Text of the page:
Acquiescence Bias is the human (social) propensity to portray a positive or agreeable overtone when questioned or queried (or vice versa – disagreement).
Psychologists refer to it as “yah-saying” and define it as the tendency to agree with a statement when in doubt. If someone is unsure of the answer, they will often agree rather than disagree with the proposition put to them.
Psychologists and data managers have identified this bias prevalent in surveys and polls. It is often the reason for false positives in statistical or consensus information.
How to deal
One approach to dealing with Acquiescence Bias when undertaking surveys and questionnaires is to balance positively and negatively keyed items. For example, in assessing depression, they should include items assessing happiness and contentedness (reverse keyed items) adjacent to depression-related content.
In addition, studies show that an inverse correlation exists between Acquiescence Bias and education, cognition and intelligence. Meisenberg and Williams (2008) -That is, education and income are inversely related to the inclination to agree with most statements in a questionnaire.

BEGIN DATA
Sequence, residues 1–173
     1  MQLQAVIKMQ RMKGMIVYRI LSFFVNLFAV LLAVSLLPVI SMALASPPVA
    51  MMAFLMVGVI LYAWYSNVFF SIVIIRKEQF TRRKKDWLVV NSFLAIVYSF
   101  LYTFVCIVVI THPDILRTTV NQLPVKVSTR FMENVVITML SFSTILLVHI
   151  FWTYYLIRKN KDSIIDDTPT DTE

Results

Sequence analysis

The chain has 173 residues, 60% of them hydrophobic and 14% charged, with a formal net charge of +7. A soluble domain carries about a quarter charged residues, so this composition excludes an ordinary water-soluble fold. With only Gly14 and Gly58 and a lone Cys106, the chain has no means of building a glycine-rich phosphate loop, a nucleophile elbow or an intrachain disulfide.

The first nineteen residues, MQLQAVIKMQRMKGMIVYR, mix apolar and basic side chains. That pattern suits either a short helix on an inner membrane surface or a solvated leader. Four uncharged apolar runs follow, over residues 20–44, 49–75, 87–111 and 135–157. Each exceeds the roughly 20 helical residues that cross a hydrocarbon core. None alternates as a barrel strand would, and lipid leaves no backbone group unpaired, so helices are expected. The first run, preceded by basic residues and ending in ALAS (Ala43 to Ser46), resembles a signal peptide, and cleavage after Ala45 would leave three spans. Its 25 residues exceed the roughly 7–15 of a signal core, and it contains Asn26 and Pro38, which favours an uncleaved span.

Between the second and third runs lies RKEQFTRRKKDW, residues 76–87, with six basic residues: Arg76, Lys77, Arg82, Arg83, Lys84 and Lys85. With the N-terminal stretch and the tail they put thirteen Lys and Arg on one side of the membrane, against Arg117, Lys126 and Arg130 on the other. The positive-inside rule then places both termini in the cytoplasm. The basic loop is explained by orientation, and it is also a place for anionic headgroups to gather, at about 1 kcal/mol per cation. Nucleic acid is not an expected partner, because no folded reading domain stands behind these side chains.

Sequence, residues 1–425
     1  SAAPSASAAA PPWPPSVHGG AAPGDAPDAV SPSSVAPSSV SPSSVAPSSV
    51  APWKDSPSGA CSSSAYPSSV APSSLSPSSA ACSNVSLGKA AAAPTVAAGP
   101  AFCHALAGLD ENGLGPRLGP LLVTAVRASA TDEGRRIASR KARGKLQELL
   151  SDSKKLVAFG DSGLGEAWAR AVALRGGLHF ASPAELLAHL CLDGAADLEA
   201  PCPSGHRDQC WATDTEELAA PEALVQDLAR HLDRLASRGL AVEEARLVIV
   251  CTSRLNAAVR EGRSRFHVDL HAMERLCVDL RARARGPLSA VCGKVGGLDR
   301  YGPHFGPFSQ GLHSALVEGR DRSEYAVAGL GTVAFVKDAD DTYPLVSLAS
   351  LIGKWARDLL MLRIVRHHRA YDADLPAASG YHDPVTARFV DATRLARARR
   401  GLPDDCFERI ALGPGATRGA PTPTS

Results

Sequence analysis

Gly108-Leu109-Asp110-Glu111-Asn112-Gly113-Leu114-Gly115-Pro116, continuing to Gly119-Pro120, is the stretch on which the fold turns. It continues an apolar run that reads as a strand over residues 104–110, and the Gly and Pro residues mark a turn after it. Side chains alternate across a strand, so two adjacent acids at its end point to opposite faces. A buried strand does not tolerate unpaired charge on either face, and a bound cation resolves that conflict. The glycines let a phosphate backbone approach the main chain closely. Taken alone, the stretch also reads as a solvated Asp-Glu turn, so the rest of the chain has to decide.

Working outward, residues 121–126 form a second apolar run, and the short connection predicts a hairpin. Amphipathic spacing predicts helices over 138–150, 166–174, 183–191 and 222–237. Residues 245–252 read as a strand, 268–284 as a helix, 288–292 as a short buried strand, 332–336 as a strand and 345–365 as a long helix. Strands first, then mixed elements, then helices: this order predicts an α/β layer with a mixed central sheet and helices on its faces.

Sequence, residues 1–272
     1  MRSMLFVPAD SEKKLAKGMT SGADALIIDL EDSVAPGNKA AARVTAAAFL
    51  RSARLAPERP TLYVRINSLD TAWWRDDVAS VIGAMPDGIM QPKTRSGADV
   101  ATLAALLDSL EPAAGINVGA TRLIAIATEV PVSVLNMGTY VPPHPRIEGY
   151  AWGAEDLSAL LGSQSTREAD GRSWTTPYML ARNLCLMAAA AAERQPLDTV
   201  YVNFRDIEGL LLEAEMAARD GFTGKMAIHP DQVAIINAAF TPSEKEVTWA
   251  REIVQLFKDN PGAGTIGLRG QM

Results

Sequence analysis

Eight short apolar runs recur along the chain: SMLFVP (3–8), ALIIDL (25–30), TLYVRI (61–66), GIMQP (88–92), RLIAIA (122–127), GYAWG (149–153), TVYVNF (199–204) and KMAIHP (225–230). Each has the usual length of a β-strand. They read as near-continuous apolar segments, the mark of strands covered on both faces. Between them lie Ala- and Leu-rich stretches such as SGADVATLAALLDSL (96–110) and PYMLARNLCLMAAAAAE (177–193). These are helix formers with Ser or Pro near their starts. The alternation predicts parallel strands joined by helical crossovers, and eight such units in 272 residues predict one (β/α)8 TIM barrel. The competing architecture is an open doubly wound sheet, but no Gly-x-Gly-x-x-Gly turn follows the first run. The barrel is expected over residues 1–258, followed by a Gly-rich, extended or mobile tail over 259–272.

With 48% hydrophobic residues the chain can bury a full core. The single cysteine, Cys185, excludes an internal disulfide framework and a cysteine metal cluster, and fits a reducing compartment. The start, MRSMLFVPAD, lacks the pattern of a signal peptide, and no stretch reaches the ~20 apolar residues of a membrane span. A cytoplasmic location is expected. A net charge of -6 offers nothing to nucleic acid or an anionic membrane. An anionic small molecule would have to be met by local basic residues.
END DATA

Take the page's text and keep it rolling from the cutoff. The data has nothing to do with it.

Education and income are also inversely associated with extreme responses. This is the tendency of some individuals to disagree strongly or agree with most of the statements on the survey rather than either mildly disagree and agree or feel undecided.
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Both acquiescence and extreme responses might reflect neglected complications.
Other studies in communications conclude that the key to limiting the errors in data attributed to Acquiescence Bias is in the proper construction and structuring of the questionnaires and the queries.
Any insinuation to the psychology of communication and that communicative competencies (grammatical, socio-linguistic and strategic) are essential to social understanding and overcoming social limitations.
“Acquiescent response style (ARS) – the tendency of a respondent to endorse agreement on a question independent of what the question is trying to measure. ARS has been identified in survey research as a bias to survey results. This research is often weighted to prospectively correcting for respondent disposition in question construction.”Jason Engle May 10, 2010
Knowles & Nathan (1997) argued that acquiescent response is also related to beliefs and personality; they indicated that individuals who demonstrate this bias tend to display prejudiced and intolerant behaviours.
Because of the self-appointed, conscientious (as it refers to doing what is “right” according to one’s own beliefs) attitude of those susceptible to Acquiescence bias, they do not accept unconventional practices and tend to be discriminatory and racist.
This bias mirrors the innate human need to comply with social expectations in a broad anthropological sense. It is also a profound implication of the mechanism you adapt to facilitate social adaptation, acceptance and balance.
— The Devil Unbound, from the Analects of Peyton Dracco